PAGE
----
Cisco to buy Acacia Communications in $2.6bn deal
Veteran internet communications tech giant Cisco announced today its entrance into an agreement with Massachusetts-based high-speed coherent optical interconnect product manufacturer Acacia Communications. The acquisition is part of Cisco’s initiative to pursue making its networks faster, more simple and more secure.
According to the terms of the deal, Cisco will pay US$70 per share of Acacia in cash, for a total consideration of $2.6bn.
Acacia is already an existing supplier to Cisco, specializing in the design and manufacture of high-speed, optical interconnect technologies that allow webscale companies, service providers, and data center operators to meet the fast-growing consumer demands for data.
"By innovating across software, silicon and optics, Cisco is reinventing every domain of the network with our intent-based architectures," said David Goeckeler, executive vice president and general manager of Cisco's networking and security business. "With the explosion of bandwidth in the multi-cloud era, optical interconnect technologies are becoming increasingly strategic. The acquisition of Acacia will allow us to build on the strength of our switching, routing and optical networking portfolio to address our customers' most demanding requirements."
Upon completion of the acquisition, Acacia employees will join Cisco's Optical Systems and Optics business within the networking and security business under Goeckeler.
"Coherent technology has been a game-changer for optical networking and continues to evolve with the deployment of pluggable coherent optics," said Raj Shanmugaraj, president and chief executive officer, Acacia. "Upon close, Cisco and Acacia will continue to serve and support existing Acacia customers. By integrating Acacia technology into Cisco's networking portfolio, we believe we can accelerate the trend toward coherent technology and pluggable solutions while accommodating a larger footprint of customers worldwide."
The deal is expected to close during the second half of 2020, and awaits regulatory approval.
Dr Peng Wei: Designing the Future of Autonomous Aircraft
Air traffic is expected to double by 2037. According to the International Air Transport Association (IATA), the world will need 37,000+ new passenger and freight aircraft, and more than half a million new pilots—unless we come up with another solution. Right now, a George Washington University School of Engineering and Applied Science professor, Dr Peng Wei, is starting to research autonomous electric aircraft design.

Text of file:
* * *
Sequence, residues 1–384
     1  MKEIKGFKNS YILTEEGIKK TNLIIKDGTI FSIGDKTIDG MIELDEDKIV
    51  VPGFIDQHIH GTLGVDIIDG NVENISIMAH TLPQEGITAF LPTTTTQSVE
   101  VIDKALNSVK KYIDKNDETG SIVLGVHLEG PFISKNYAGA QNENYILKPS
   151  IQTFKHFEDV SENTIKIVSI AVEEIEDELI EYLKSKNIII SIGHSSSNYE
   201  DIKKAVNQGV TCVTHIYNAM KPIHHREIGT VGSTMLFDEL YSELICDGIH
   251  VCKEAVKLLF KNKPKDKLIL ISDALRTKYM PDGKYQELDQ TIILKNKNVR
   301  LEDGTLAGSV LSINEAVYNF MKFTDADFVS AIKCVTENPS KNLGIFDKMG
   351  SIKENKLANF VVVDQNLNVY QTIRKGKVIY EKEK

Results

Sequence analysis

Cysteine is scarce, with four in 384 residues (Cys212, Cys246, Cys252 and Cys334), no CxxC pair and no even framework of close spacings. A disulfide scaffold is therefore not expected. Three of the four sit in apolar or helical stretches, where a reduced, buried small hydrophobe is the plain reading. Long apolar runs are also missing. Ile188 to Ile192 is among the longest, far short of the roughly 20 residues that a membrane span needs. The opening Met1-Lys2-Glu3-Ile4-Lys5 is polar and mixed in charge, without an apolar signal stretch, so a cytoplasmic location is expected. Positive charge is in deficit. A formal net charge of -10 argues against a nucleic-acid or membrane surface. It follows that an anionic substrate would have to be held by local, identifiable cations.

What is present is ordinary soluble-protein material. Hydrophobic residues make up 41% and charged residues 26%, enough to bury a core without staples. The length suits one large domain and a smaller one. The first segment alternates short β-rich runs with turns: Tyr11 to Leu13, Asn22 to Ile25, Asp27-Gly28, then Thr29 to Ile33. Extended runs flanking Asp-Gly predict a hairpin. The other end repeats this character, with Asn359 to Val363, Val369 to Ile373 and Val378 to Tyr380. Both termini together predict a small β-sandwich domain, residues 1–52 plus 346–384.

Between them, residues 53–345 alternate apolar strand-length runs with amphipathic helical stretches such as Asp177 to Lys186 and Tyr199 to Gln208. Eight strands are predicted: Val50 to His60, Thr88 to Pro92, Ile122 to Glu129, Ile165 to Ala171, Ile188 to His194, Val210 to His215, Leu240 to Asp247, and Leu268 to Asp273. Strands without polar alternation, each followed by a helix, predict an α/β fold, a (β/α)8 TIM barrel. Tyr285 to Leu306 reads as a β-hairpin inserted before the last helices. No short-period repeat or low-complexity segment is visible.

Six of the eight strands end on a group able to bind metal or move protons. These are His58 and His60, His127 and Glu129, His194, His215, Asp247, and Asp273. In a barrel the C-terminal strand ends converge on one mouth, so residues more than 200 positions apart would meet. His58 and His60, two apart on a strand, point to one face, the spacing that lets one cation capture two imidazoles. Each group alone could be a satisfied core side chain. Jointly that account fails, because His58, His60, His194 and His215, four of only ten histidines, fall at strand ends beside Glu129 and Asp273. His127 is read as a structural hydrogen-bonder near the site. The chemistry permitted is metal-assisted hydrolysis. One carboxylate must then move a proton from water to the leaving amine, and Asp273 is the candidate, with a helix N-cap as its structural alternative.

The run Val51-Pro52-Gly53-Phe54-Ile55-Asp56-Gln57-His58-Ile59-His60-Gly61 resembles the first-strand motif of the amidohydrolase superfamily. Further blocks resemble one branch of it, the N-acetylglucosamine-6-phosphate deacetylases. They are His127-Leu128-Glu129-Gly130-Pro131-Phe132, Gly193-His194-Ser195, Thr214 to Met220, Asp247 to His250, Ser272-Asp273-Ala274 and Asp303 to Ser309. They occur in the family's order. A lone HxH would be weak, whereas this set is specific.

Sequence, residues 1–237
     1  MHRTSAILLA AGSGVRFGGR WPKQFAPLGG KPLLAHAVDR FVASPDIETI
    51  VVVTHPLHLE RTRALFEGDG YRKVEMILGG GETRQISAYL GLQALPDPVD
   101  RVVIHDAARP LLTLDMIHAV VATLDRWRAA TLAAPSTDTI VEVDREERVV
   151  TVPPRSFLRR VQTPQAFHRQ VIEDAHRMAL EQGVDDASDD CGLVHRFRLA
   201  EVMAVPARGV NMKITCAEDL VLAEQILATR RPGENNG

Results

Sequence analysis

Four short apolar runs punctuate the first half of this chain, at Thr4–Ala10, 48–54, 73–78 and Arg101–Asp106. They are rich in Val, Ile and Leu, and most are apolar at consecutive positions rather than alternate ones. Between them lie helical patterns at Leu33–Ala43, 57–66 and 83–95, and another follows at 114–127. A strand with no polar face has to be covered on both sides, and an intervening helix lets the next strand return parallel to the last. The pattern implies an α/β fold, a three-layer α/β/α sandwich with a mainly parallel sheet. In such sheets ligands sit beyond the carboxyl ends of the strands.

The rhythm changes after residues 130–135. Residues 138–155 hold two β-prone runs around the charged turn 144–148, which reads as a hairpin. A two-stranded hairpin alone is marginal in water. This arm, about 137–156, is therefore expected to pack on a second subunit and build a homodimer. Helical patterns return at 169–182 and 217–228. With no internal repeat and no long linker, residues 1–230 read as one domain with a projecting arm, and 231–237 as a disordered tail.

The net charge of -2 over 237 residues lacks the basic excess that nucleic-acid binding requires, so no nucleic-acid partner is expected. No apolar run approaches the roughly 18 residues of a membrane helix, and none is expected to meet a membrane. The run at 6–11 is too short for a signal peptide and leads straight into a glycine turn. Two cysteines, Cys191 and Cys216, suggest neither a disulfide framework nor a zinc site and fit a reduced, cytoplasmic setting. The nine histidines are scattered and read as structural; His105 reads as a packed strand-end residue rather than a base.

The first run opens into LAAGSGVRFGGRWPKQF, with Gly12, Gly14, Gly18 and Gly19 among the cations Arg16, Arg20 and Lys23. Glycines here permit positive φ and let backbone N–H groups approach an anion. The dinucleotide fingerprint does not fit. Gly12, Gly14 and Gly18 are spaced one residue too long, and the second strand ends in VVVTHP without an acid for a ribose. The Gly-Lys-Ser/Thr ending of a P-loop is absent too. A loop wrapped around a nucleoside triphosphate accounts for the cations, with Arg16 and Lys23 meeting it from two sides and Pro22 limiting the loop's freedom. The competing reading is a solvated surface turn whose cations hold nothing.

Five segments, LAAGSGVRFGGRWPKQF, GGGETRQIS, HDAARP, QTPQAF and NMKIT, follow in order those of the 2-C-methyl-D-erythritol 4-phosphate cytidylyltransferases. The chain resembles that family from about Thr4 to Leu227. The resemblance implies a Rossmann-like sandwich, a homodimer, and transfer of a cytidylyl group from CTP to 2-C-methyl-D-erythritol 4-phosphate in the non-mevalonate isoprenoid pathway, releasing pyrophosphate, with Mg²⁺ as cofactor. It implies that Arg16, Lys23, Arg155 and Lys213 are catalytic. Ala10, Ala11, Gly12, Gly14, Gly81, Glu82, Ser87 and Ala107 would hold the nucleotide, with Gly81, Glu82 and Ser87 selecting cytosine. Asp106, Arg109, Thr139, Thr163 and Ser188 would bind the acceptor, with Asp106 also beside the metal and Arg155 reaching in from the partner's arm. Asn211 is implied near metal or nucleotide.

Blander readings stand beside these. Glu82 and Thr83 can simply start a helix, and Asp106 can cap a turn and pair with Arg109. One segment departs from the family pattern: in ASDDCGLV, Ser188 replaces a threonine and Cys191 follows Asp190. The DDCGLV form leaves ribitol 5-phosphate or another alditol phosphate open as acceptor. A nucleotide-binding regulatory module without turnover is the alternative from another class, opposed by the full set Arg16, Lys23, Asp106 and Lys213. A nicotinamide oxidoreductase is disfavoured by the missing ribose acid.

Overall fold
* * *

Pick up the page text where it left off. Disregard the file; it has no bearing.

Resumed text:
NASA will fund the research, which will study how to minimise risks for electric vertical take-off and landing (eVTOL). As Airbus states: ‘Autonomous technologies also have the potential to improve air traffic management, enhance sustainability performance and further improve aircraft safety’.
Who is Dr Wei?
An assistant professor of Mechanical and Aerospace Engineering, Dr Wei has researched aircraft control, optimisation, and AI and ML applications in aviation. Over the next three years, he’ll lead the US$2.5mn NASA grant project in collaboration with researchers from Vanderbilt, the University of Texas at Austin, and MIT’s Lincoln Lab.
Why is His Research Important?
Even though the wide adoption of self-piloting cars, much less aircraft, is still far down the road, technologies that Dr Wei and his colleagues are researching will form the commercial transport of the future. But aviation manufacturers, in order to produce autonomous aircraft, will have to meet extremely high safety standards.
‘The key challenge for self-piloting capabilities is how the system reacts to unforeseen events’, said Arne Stoschek, Wayfinder Project Executive at Acubed. ‘That’s the big jump from automated to autonomous’. In the air, AI-piloted aircraft will have to manoeuvre around adverse weather conditions, such as wind and storms, and other high-altitude risks, such as GPS hacking, cyberattacks, and aircraft degradation. And the stakes are high.
‘If a machine learning algorithm makes a mistake in Facebook, TikTok, Netflix —that doesn't matter too much because I was just recommended a video or movie I don't like’, Dr Wei said. ‘But if a machine learning algorithm mistake happens in a safety-critical application, such as aviation or in autonomous driving, people may have accidents. There may be fatal results’.
What Are His Other Projects?
In addition to the new NASA research, Dr Wei has been awarded three other grants to pursue AI-piloted aircraft:
- A 2-year grant from the Federal Aviation Administration (FAA) in conjunction with West Virginia University and Honeywell Aerospace to investigate “learning-based” aviation systems
- A six-month SBIR Phase I NASA award with Intelligent Automation to mitigate airspace congestion at vertiports—the electric craft version of airports.
- A 1-year collaborative grant with the University of Virginia and George Mason University from the Virginia Commonwealth Cyber Initiative (CCI) to develop anti-cyber attack technologies and aviation video systems
Research like NASA and Dr Wei’s three-year programme will help improve how AI reacts and adapts to challenging air conditions. In coming years, autonomous aircraft will likely take off slowly, starting with small package delivery, then upgraded drones, and finally commercialised aircraft. But congestion issues will worsen until autonomous aircraft are the best alternative.
According to BBC Future, by 2030, commuters will spend nearly 100 hours a year in Los Angeles and Moscow traffic jams, and 43 cities will be home to more than 10 million people. The final verdict? Bring on the AI-operated transit.